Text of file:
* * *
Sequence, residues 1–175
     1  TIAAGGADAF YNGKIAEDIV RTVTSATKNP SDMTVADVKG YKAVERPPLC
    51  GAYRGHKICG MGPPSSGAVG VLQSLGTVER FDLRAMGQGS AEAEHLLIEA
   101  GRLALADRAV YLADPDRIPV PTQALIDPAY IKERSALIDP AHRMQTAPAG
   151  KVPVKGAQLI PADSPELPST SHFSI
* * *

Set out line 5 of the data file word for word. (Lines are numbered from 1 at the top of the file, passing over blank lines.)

   151  KVPVKGAQLI PADSPELPST SHFSI